Mostly I've been able to block out thinking too much about Blacksburg and Cho the past few days just by plunging into work, dealing with the kids, joking around as usual and so on, while still at least symbolically wearing my Hokies stuff (I have a number of T-shirts, a sweatshirt, and a couple ballcaps).
However, it's hard to relate how much Blacksburg means to me personally. It was my childhood home, and I had about as ideal a childhood as it gets. It was (and I suppose still is) the place I always wanted to return to someday. It was, for me, as close to heaven on earth as I could imagine, as crazy as that may sound to some people. Thus it is all the more maddening when unwanted associations creep in when I think about it.
Just now, I was reading a bedtime story to the kids. Where the Wild Things Are by Maurice Sendak, an old favorite. Which I read over and over again as a kid...in Newman Library on the Tech campus while my parents hit the books for their graduate studies. But rather than think of happy memories, I think of a maniac brandishing guns and rambling into a camera.
And that's just what he wanted. So in a sense he (or the demons within him) "wins". And that pisses me off.
As an aside, it also shows how around the bend he was rambling about Mercedeses and whatnot in Blacksburg. Most people would think of Blacksburg as being borderline hick town. (The surrounding area would be real hick town for most outsiders.) To call people there snobbish or wealthy is nothing short of amazing. Tech is very much a middle-class school.
The other thing, though, that actually hurts on top of it all is the media coverage, which has been astonishing for its insensitivity and aggressiveness towards the people in Blacksburg. Every interview I have seen, whether it is with professors, students or staff, has been of an accusing tone, as if they are to blame. Cho's roommate was practically called negligent for not telling the school administration Cho didn't talk to people. Some anchors have openly called for people to file lawsuits. One professor, a poet and English professor who had been one of Cho's teachers, was cut off in an interview for not going along with all the second-guessing. The utter lack of human decency in the name of ratings combined with inane commentary on the level of verbal diarrhea has been shocking.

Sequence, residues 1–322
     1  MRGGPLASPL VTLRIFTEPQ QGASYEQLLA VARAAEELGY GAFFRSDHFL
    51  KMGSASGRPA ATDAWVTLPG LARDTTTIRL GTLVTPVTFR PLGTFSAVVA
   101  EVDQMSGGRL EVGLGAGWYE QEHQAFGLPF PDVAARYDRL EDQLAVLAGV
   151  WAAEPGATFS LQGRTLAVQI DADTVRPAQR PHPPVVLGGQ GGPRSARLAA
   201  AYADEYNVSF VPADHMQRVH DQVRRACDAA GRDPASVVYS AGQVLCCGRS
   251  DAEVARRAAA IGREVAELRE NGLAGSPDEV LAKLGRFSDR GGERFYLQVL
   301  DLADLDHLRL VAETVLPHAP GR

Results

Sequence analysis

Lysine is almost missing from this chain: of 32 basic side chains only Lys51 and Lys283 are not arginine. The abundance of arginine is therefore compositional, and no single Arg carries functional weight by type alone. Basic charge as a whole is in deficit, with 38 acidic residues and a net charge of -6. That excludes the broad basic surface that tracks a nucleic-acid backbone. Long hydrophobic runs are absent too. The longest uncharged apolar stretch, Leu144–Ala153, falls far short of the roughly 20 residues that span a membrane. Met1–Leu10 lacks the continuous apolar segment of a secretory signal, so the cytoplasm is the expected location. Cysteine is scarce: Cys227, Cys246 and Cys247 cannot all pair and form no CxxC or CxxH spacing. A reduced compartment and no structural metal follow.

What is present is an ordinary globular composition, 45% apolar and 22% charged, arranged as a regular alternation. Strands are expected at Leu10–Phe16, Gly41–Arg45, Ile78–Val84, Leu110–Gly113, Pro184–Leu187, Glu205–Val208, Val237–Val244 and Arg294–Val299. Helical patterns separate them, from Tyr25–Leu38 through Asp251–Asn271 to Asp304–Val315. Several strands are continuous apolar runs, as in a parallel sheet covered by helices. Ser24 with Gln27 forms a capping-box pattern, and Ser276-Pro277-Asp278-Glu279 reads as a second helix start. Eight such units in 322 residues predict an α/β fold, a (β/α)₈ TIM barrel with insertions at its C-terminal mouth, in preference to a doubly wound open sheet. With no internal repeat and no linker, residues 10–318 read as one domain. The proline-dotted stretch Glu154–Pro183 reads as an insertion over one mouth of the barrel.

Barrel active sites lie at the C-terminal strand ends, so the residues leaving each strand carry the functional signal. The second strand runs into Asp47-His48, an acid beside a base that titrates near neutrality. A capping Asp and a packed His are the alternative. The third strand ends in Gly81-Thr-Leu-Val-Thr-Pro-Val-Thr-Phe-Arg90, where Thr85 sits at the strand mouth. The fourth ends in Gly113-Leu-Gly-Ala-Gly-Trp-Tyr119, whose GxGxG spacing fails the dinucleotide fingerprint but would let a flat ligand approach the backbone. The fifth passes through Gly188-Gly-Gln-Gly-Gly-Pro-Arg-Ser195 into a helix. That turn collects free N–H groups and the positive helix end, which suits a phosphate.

The thing that does at least restore some balance to it, however, has been the support from "rival" universities, not all of it symbolic, either. Florida State and the University of Miami are contributing money to Tech memorial scholarships as just one example of many I've heard of. Naturally that doesn't get reported in the mainstream media, who are apparently only interested in second-guessing the entire Tech administration and community, not even giving them the chance to grieve while sticking microphones in any face they can find. (My parents wrote some scathing letters to MSNBC and CNN tearing into them over the coverage.)
Other small gestures have helped, too. The spontaneous decision of the Washington Nationals to wear Tech ballcaps during the Braves game was a nice touch earlier in the week. Students at various schools around the country have started wearing maroon and orange. And as much as I dislike his politics, I appreciate President Bush coming down for a visit.
Tech itself has also done some gestures that are nice. The students who died will all get their degrees posthumously at Commencement. There will be scholarship funds started for both of the murdered professors. Students will also get generous terms for completing their studies this semester.
For what it's worth, tomorrow has unofficially been declared Hokie Nation Day -- wear maroon and orange if you want to show you care and show sympathy for the victims and their families.
Even so, it still hurts when an innocent moment of reading a book to my kids instantly leads me to think of the deaths of over thirty people and the ravings of a madman...and, for all the overwrought sense of it, of "paradise lost".